Finding your feet after failure

Finding your feet after failure

‘Fall down 7 times stand up 8’  - this pithy Japanese proverb ‘Nana korobi ya oki’ invites us to practice resilience and self-belief. It advocates responding courageously to failure but it falls short of forecasting the outcome.

By ‘standing up’ we give ourselves the chance to turn defeat into …...something else.  While we can never be sure what this ‘something else’ will look like, there is an odds on chance it will make us wiser and better equipped to deal with whatever comes next.

In a culture obsessed with winners, failure gets bad or zero press. We rarely hear about the setbacks and dead ends that preceded and shaped the dazzling successes of our heroes. This preoccupation with winning obscures the value of losing and the lessons it can provide. 

Admittedly seeing the upside of losing when you’re feeling bruised and despondent can be tough. To help you ‘stand up’ for the eighth or eighteenth time I advocate growing your personal culture of calculated risk taking and learning from failure.

Here’s what I suggest:

Prepare for the prospect of failure – although this might sound counter intuitive as you embark on an exciting new venture, ask yourself.

What’s the worst that can happen if this doesn’t work?’

Rank the outcomes of any potential failure on a sliding scale from utter doom to mild discomfort. Will you be dead/imprisoned/jobless/insolvent/humiliated etc.? Be as succinct and accurate as possible here. This helps you to keep risks and consequences in perspective. It can also allay unnerving and often irrational fears that can derail your chances of success.

Be ready to review- once the initial shockwaves of failing subside, find forensic answers to these questions:


How was my plan?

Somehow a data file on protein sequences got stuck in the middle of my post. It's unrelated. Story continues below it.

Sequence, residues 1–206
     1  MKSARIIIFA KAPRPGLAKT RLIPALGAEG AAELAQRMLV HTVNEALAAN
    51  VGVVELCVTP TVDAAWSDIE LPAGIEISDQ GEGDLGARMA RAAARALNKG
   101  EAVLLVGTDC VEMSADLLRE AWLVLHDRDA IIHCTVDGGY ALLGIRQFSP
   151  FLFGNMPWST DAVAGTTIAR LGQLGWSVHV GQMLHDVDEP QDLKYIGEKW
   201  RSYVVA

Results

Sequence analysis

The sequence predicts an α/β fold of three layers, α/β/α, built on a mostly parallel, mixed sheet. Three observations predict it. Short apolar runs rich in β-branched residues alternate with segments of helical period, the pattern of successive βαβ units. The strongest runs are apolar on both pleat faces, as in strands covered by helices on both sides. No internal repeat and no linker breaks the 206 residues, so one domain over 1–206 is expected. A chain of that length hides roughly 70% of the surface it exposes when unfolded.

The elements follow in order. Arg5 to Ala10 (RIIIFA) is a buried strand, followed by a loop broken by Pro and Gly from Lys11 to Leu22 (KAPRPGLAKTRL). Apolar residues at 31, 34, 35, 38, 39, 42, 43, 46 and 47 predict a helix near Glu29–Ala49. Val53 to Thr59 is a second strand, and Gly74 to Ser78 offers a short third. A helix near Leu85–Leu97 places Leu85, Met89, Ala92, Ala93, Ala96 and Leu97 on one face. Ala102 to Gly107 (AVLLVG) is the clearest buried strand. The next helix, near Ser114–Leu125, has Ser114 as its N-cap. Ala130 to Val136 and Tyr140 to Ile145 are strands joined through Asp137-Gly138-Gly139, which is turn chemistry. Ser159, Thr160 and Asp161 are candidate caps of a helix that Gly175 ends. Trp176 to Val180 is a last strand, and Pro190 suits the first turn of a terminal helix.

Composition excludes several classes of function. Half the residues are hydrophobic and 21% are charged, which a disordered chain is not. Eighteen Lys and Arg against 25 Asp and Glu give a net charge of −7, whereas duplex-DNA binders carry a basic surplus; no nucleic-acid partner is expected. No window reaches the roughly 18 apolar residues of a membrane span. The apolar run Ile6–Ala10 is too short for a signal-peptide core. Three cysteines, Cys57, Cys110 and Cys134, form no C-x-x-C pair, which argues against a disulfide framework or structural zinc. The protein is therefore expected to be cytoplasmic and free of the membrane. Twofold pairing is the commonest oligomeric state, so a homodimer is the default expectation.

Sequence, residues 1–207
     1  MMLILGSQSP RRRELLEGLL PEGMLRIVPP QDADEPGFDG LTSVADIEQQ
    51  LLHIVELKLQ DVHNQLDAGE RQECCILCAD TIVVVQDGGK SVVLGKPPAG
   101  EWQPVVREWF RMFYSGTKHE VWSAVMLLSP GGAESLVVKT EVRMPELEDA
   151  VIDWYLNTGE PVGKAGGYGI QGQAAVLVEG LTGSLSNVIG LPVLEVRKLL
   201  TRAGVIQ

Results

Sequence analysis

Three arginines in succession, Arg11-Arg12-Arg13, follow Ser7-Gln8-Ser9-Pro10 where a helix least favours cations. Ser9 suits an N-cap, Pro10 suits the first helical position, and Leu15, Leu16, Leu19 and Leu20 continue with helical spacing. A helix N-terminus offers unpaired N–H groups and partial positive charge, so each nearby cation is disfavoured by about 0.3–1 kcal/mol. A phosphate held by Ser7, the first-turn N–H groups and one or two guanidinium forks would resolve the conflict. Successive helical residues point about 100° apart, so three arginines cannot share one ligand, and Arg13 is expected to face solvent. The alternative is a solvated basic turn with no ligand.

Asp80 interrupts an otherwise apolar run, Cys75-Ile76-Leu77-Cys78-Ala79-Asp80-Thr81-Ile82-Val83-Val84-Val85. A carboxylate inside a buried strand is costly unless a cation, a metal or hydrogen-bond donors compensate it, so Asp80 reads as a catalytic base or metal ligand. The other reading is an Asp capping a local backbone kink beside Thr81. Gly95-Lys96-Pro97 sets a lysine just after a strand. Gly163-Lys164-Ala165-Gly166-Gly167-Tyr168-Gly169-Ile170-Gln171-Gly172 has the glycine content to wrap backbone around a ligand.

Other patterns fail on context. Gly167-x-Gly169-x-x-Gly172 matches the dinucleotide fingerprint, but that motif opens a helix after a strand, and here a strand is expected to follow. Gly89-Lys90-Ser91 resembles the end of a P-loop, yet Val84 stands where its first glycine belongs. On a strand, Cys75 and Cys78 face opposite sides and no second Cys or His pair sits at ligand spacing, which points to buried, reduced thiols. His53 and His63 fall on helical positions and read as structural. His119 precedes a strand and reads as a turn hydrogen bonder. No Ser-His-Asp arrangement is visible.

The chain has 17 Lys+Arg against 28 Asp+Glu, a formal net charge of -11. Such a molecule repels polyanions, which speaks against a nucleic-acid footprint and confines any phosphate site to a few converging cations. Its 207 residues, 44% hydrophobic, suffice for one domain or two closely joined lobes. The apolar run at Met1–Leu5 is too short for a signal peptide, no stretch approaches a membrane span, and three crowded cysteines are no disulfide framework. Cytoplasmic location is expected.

Reviewing the hurdles and working out how you might have cleared them sets you up for a stronger performance next time.

How was my preparation?
Filling any gaps in essential but absent support will enhance your readiness and build your confidence.

How was my effort?
Analysing how smart and hard you worked to pursue this missed opportunity helps you fine tune your future efforts.

What have I learned?
Coming up with the ‘short version’ based on your other answers pins down the practicalities of what to do next.

Perhaps you need an additional skill, a better resume or stronger interview smarts, more help with childcare or housework. Work out what would make a difference and go after it.

Keep your ‘don’t know’ mind open to the possibilities of a long term win.


Sometimes a dead end springs to life unexpectedly and yields great results. A promising lead falls over then six months later the client contacts you. They loved your pitch and now they’re ready to work with you.

Success or failure can rely on things we can’t control such as timing and luck. Success after failure always calls for resilience, stamina and a clear-eyed view about what you can do differently next time.

Ready to find your feet after failing?  I can help.

By Jo Green, Career Change Coach

I know what it feels like to be lost in your career. I also know that when you find what you love, heart and soul, your life changes. I work every day with people who are reshaping their current careers, starting new enterprises or searching for a new direction. Basically I help people who don’t like their job to figure out what to do instead!

As a Careershifters and Firework Advanced Certified Coach and experienced career changer myself, I can help you figure out what fulfilling work looks like for you.

Drop me a note to organise a free 20 minute consultation to chat about your career change and how coaching could help.